Industrial treatment giants eye domestic market

Song Yingge
Song Yingge
Global firms shift focus to China's consumers amid rising awareness of the need for cleaner water.

Song Yingge
Song Yingge
Industrial treatment giants eye domestic market

Chinese people's interest in household water purifiers has been growing in recent years. The water purifier market in China is estimated to be worth over 100 billion yuan (US$16 billion) in the next five years. 

With Chinese residents’ rising awareness of clean water, global industrial giants are keen to make their mark in the consumer market.

Last week, US-based chemicals group Dow unveiled TAPTEC, a water purification product “to focus on household drinking water” after years of selling industrial components for sewage systems.

Before that, at its Chinese research center rival General Electric developed a reverse osmosis film, or membrane, to filter water for drinking while Japan-based Mitsubishi projected its water purifier sales in China to quintuple by 2020 from the level in 2016. “The household drinking market here will significantly surpass the growth of the industrial sewage treatment sector,” it said.

Water treatment is increasingly becoming a matter for households with rising awareness of pollutants, bringing opportunities to industrial manufacturers with key technologies.

In the past, brand names were the main factor influencing consumer choice when it came to buying water purifiers. 

Nowadays, however, component manufacturers — who “truly decide the quality of the purifiers” — are getting closer to end users to fight for a larger share of the market, said Wang Liping, a veteran in water purifier sales.

Along with launching a new brand name, Dow is attaching a QR code to every product. This can be scanned to determine whether the product is genuine.

The product also applies reverse osmosis technology, “which is the key to decide the quality of water purifiers, also one of the most advanced water purification technologies worldwide,” Wang said.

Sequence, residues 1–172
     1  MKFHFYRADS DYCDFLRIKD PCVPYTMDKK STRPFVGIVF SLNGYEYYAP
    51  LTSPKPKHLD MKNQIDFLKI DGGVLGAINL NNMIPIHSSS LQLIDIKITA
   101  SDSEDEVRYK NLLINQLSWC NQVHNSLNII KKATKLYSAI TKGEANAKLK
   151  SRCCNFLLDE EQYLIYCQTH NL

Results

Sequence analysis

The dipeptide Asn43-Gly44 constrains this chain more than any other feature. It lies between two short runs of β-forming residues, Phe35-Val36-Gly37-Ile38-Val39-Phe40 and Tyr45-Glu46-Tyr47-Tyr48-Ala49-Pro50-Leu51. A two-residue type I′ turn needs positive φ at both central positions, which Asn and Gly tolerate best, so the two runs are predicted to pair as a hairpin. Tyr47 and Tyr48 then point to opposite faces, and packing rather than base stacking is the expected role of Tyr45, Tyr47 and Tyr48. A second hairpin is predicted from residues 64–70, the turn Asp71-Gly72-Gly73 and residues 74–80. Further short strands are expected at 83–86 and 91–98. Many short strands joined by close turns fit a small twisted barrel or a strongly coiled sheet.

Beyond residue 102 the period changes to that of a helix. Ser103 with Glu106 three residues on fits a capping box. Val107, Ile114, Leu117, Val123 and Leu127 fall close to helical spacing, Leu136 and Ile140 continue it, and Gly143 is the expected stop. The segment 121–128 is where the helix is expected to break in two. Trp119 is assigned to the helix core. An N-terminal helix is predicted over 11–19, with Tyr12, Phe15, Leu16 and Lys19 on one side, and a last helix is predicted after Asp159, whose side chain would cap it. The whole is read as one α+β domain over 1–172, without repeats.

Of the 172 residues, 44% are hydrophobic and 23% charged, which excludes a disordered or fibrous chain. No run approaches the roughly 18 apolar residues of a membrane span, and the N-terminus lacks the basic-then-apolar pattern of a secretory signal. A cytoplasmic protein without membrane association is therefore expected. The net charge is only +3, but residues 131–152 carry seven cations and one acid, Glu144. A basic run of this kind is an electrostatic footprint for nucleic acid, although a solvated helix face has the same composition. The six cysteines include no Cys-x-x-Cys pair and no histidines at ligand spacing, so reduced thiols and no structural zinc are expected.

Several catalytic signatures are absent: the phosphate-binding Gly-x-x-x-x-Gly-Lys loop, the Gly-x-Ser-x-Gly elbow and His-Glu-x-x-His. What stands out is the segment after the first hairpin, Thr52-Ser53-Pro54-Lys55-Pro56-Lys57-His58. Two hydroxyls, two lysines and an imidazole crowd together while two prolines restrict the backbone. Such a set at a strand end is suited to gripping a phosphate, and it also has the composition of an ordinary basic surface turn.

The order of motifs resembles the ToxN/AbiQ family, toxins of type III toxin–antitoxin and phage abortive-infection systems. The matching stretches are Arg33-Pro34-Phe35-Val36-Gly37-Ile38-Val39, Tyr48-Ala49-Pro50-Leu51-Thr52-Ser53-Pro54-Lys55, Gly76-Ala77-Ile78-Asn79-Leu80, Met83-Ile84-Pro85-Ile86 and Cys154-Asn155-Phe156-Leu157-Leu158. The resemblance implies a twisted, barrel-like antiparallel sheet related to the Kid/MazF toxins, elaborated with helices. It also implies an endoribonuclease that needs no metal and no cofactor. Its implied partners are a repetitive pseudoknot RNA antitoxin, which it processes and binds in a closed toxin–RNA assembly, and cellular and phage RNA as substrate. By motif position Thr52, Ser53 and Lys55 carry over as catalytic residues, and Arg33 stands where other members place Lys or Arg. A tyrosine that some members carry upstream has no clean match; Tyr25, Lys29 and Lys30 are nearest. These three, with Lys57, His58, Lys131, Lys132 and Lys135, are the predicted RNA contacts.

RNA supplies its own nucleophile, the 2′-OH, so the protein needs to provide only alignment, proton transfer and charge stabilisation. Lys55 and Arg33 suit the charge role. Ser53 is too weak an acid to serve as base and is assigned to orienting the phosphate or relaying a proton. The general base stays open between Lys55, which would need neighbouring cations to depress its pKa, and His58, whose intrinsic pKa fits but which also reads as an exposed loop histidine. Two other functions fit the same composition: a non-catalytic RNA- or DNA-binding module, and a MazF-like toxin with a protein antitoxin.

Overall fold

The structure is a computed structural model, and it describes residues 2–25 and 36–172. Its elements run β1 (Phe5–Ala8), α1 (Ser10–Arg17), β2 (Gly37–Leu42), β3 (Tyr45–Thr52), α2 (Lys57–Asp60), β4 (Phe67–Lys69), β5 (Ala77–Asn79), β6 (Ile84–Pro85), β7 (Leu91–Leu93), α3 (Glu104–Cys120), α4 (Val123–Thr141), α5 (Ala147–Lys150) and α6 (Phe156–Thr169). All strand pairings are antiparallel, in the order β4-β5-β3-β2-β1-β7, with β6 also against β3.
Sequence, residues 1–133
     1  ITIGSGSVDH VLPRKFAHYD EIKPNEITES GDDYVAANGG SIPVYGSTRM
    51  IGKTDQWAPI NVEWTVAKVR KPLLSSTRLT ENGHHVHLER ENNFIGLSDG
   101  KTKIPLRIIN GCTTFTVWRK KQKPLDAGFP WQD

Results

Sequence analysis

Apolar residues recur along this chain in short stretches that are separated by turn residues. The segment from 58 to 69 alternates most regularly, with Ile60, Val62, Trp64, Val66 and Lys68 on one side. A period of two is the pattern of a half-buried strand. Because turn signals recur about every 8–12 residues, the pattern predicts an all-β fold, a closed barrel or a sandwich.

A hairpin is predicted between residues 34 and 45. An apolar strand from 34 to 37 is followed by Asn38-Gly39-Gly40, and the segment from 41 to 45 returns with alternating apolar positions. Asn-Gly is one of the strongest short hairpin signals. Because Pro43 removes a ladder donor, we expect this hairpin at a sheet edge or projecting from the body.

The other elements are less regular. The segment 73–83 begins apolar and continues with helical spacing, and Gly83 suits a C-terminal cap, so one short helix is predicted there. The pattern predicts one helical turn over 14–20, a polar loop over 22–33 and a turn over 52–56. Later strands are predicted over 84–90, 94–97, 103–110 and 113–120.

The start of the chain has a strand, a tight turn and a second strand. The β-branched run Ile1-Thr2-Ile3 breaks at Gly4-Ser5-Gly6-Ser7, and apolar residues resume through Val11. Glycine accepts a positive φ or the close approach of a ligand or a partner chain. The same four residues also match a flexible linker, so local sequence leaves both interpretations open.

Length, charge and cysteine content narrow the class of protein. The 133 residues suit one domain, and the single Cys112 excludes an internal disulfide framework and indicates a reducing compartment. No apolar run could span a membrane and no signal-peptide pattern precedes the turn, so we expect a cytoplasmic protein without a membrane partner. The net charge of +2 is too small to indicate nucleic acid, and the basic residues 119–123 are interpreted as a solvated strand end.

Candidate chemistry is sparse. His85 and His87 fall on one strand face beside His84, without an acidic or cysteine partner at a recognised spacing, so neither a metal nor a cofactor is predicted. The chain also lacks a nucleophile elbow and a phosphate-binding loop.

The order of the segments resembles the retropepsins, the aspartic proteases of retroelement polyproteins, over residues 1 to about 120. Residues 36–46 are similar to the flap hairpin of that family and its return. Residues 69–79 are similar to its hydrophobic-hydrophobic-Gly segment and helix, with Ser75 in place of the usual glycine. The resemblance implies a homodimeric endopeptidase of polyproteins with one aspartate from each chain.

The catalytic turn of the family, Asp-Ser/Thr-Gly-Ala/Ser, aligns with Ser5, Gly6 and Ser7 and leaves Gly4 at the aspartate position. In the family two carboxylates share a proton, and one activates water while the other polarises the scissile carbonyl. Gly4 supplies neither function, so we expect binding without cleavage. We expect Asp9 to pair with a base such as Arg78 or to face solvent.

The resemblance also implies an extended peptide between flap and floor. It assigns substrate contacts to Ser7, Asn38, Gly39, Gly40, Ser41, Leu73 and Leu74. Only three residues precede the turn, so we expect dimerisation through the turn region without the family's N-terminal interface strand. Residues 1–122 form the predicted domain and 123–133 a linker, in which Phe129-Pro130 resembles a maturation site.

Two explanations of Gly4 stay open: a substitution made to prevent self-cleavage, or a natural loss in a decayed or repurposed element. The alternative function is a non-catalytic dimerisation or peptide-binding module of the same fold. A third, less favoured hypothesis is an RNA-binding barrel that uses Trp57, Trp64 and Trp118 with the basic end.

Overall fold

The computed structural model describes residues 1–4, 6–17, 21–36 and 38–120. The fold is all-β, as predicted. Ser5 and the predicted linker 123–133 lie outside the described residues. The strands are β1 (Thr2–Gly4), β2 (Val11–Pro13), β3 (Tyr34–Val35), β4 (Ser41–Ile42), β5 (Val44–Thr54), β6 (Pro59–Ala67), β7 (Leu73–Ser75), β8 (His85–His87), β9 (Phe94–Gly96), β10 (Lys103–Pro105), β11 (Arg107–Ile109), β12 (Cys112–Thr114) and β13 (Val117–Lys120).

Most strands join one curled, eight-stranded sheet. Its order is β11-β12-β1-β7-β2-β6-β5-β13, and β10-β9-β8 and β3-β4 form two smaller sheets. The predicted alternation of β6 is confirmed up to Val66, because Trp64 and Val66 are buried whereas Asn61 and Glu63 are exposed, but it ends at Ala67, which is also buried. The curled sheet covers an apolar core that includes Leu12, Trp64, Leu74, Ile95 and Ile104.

To help consumers learn about such technology and trace product information, Dow also set up a Wechat account to “raise awareness and protect brand reputation,” said Alan Chan, commercial director in the Asia Pacific for Dow Water & Process Solutions.

While previously such technology mainly applied in industrial sewage treatment, “the right time seems to have arrived for us to meet consumers,” he said.

On Zhihu, a Chinese crowd-source Q&A platform, information about reverse osmosis attracted nearly 54,000 page views with domestic users keen to find out which companies produced the best films and purifiers and which brands were using the technology.

An enormous market expected to be worth 1.9 trillion yuan by 2020, water treatment in China has great potential as only 5-10 percent of domestic residents have installed water purifiers, “while abroad the figure is around 90 percent,” Wang said.

The water purifier market in China will be worth over 100 billion yuan (US$16 billion) in the next five years, according to, a domestic consultancy. It said sales totaled 12.1 billion yuan in 2014, up 66.9 percent from the previous year. That compared to the 0.25 percent average annual sales growth of household appliances at the time, said.

Such opportunities now favor key technology owners such as membrane makers rather than “whole machine” manufacturers following the public’s rising awareness of these technologies,, a domestic financial news outlet, reported.

The reason for the shift is partly because domestic producers lack such technologies.

China has around 400 membrane producers. “But they have only a limited market share, with the domestic market dominated by foreign giants,” reported Shenzhen Gaogong Industry Research Co, a domestic consultancy.

Dow, along with foreign companies that include GE, Japan’s Nitto and Toray, US firm Koch and South Korea’s CSM, “almost earn around 90 percent of the market share,” the consultancy said.

Such brands have “worked silently with domestic companies and governments, already making great profits from the municipal and industrial projects in past decades,” said Wang Lingquan, vice chief-editor at the North China Municipal Engineering Design & Research Institute.

But now, the consumer market has become the “last cake of China’s water treatment industry,” which is growing much faster than the traditional industrial sector, Wang said.

Dow won't reveal sales figures for its water treatment products in China, but said that in the near future the consumer market, rather than the industrial sector, would be the largest bolster of its performance in China, Chan said.

GE, meanwhile, has collaborated with domestic brands such as Xiaomi to use its filtration films, aiming to expand its brand awareness among Chinese residents.

However, Wang said obstacles remain. 

On one hand, China aims to expand the market size of domestic membrane to 230-300 billion yuan by 2020, with the market share of domestic producers increasing around 30 percent, “which would erode foreign brands’ profits.”

On the other hand, the effect of such brands’ promotion to domestic consumers remains to be seen, as in several posts at Zhihu, there were questions about whether water filtered through such films are healthy.

“Being high-quality means being costly,” was one comment. “Producers need to find ways to persuade consumers to buy, instead of merely saying our water is clean.”

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